It Gets Better

In the anything-goes beach resort of Pattaya, Thailand, The Fountain is a popular cabaret staffed with ladyboys (katoey), or transwomen in various stages of transitioning. But its future is put into doubt when good-looking Tonmai, who has lived in the States most of his life, arrives to shut down the club owned by his late father, whom he never knew. Tonmai is immediately drawn to two cabaret performers, one dainty and one tomboy, despite (or because of?) his straight orientation. Meanwhile, impeccably passable but age-conscious Saitarn (played by ’80s Thai icon Penpak Sirikul) cruises glamorously into a northern hamlet and turns the heads of the most macho studs in the village. In a third story thread, sweet “shy boy” Din, caught by his father trying on his mother’s clothes, is forced to start a new life as a temple novice— his reluctance vanishing when he meets the devout priest he’ll serve.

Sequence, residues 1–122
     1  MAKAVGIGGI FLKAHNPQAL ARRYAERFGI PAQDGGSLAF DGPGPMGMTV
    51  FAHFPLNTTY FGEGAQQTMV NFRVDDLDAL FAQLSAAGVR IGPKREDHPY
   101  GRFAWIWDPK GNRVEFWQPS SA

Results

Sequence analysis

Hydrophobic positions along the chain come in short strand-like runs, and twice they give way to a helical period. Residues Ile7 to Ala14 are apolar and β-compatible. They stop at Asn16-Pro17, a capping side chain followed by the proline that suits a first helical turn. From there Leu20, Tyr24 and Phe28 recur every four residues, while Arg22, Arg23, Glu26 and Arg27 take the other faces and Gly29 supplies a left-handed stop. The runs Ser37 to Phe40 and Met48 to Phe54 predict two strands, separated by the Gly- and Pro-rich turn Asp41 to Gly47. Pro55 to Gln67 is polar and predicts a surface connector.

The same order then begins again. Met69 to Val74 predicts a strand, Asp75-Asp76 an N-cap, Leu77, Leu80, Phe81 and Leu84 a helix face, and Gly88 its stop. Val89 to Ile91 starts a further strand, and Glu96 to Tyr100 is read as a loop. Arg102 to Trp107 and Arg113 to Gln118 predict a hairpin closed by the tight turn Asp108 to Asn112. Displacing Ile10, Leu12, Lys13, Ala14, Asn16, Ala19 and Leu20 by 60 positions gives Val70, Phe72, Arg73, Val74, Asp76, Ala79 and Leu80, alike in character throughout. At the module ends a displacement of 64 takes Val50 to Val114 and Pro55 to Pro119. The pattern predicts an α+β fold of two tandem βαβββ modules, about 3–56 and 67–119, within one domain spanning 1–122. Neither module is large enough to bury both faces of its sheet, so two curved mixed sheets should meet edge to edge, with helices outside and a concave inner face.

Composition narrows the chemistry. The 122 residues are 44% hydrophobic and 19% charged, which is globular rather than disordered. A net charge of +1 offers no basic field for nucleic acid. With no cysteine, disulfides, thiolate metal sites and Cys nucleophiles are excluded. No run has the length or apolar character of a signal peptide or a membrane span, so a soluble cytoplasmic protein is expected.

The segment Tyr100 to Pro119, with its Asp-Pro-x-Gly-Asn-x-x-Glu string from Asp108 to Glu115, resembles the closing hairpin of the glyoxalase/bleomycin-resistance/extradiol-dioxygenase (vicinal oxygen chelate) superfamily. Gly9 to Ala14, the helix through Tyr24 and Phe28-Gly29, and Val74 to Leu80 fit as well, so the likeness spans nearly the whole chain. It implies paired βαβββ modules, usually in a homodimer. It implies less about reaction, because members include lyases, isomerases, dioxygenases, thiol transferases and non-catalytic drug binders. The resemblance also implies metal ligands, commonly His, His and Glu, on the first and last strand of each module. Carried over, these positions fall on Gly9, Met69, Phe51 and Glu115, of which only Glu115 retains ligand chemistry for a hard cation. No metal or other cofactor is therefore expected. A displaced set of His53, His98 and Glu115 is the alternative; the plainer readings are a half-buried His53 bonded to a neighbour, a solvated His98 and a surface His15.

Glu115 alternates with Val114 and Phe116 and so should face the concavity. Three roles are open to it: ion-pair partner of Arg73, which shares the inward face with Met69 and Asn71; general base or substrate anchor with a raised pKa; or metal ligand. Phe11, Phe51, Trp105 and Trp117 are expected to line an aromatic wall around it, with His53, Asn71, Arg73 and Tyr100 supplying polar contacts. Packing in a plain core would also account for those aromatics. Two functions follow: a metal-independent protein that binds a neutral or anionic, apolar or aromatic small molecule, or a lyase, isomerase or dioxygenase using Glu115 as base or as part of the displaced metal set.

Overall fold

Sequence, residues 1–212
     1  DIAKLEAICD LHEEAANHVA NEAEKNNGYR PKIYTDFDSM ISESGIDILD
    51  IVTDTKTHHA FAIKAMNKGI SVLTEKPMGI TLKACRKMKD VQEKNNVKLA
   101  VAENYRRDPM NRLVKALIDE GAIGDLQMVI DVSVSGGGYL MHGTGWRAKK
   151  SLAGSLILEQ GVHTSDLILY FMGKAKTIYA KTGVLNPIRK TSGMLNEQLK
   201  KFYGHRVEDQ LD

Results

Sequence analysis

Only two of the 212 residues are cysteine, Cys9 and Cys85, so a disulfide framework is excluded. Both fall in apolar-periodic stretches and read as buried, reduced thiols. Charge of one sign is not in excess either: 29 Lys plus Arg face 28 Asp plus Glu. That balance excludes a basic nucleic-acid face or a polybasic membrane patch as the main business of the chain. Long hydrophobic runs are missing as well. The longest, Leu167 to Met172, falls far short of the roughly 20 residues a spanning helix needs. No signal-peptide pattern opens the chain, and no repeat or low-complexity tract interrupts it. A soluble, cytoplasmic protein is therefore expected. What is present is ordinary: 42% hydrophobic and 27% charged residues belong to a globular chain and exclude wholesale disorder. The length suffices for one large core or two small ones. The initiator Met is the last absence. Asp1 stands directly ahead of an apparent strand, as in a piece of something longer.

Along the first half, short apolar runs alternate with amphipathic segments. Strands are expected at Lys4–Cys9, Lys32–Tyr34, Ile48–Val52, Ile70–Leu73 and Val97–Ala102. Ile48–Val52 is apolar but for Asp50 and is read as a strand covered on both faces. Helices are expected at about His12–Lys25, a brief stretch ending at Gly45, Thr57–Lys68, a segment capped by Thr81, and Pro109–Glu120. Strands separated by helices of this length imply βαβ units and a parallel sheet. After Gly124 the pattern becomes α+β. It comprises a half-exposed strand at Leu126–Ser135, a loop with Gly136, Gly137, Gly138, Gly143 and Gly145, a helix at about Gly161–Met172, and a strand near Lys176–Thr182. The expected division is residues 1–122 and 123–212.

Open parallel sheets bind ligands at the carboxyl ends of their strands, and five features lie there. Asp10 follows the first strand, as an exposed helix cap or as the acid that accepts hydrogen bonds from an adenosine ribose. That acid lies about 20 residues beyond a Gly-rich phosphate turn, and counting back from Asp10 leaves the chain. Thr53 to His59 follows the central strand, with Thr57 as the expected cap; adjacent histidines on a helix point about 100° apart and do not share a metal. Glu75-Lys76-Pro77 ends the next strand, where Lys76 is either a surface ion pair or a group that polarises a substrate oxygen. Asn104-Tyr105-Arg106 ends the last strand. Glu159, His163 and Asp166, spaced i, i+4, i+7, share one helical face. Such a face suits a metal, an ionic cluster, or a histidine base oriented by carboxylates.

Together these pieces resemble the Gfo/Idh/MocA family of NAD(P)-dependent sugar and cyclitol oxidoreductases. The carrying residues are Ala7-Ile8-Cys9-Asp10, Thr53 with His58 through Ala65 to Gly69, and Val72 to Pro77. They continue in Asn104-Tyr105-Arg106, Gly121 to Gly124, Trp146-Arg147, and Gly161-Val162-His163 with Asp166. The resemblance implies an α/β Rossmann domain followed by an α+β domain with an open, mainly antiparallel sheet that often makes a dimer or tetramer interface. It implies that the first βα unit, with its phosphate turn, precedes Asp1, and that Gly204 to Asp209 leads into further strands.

“It Gets Better” was, you recall, the slogan used by American activists after a rash of suicides to reassure bullied LGBT youth that life would improve. Here the bullying takes the form of familial rejection and the scars it leaves, while the beauty of Thailand’s countryside and the love of ladyboys are a comfort. A little humor, a little understanding, and a lot of beauty and music complete a portrait of transgender lives rediscovered and redeemed, directed by Tanwarin Sukkhapisit, a talented and courageous filmmaker, who has fought bans against LGBT themes in Thai cinema.


In Thai with English subtitles.

Co-presented by:
Center for Asian American Media (CAAM)

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